Updated — Two Muslim holidays will be added to the school calendar next year, Mayor Bill de Blasio announced Wednesday.
Students will no longer have school on Eid al-Fitr, the final day of Ramadan, and Eid al-Adha, which marks the culmination of the annual pilgrimage to Mecca. De Blasio had promised to add the holidays during his mayoral campaign, after former Mayor Michael Bloomberg rebuffed calls to do so for years.
“This is about respect for the families of this city,” de Blasio said. “For too long families were forced into an untenable situation.”
Next fall, schools will close on September 24 to observe Eid al-Adha, de Blasio and Chancellor Carmen Fariña announced Wednesday morning at P.S./I.S. 30 in Brooklyn, which had more than one-third of its students absent from school the last time Eid al-Adha fell on a school day. Schools will also close for students attending summer school on Eid al-Fitr, which falls on a weekday in July during 2016.
The announcement was followed by chants of “Allahu Akbar,” God is great, from the Muslim community leaders, parents and teachers assembled.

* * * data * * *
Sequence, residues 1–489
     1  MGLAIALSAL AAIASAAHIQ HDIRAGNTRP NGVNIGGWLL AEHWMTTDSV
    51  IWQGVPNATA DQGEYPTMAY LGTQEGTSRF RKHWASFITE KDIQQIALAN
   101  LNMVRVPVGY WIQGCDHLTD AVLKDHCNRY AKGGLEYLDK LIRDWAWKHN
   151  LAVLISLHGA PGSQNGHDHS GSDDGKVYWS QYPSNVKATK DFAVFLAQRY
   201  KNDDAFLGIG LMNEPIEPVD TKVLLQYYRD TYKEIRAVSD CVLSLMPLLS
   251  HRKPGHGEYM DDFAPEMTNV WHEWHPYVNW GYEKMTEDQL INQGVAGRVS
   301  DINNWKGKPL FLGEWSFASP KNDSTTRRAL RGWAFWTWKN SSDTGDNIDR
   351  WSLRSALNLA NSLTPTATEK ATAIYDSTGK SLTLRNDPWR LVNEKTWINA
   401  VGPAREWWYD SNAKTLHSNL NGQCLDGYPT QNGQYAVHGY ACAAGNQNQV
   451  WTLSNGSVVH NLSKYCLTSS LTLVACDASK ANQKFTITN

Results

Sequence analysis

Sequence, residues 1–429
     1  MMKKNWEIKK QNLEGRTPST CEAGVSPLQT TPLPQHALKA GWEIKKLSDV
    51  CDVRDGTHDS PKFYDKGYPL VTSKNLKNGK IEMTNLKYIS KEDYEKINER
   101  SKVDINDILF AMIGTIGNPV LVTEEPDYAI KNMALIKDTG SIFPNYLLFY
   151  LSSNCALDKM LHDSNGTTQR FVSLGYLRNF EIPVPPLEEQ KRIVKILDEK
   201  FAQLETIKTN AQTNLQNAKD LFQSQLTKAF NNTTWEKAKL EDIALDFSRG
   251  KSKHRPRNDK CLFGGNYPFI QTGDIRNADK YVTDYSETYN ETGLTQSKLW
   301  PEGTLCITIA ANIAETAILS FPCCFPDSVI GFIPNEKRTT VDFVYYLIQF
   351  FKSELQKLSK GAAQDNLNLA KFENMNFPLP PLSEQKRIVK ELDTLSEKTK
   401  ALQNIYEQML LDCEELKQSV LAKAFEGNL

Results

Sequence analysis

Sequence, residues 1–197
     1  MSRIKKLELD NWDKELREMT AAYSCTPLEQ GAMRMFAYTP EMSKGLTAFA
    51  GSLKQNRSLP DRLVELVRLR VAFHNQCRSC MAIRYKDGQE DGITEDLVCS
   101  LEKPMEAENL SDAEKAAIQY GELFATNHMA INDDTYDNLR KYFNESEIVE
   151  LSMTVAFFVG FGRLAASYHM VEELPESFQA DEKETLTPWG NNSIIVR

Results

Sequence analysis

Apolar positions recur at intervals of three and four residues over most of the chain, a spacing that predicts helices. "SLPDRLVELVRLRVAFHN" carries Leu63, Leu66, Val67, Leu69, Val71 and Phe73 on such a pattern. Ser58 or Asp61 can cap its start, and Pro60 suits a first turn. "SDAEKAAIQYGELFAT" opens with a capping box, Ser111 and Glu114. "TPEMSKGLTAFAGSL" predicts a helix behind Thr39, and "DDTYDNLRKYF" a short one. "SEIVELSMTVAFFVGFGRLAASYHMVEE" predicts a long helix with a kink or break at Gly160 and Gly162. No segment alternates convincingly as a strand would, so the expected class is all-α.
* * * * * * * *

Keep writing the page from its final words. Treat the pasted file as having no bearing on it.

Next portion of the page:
“Thank you chancellor for telling our students, telling my children that they matter and the public school is just as important for them as it is for anybody else,” Linda Sarsour, executive director of the Arab American Association of New York, said during Wednesday’s press conference.
The actual date of the Muslim holidays vary, and this school year, both Eid al-Fitr and Eid al-Adha fell on days that students already had off from school. From now on, when one or both falls on what was a regular school day, the city will start the school year one day earlier.
That would eliminate a day of professional development teachers typically have before the school year starts, though city officials said the 80 minutes of professional development per week included in the new teachers union contract makes up for it.
Muslim families and religious leaders have been pushing to ensure students have both days off since 2006, when state tests were scheduled on the first day of Eid al-Adha. In 2009, the City Council’s education committee voted to recommend closing schools on both days, which members said were celebrated by as many as 10 percent of the city’s students.
As mayor, Bloomberg said that adding new holidays would mean unnecessarily disrupting the school year for many students, and that doing so for one group would encourage others to ask for their own holidays to be recognized. De Blasio already faced calls last year to add a day off for the Hindu festival Diwali.
On Wednesday, de Blasio also promised to close schools in recognition of Chinese Lunar New Year, but said it wouldn’t happen this year.
“I am going to keep working on that with the chancellor,” de Blasio said.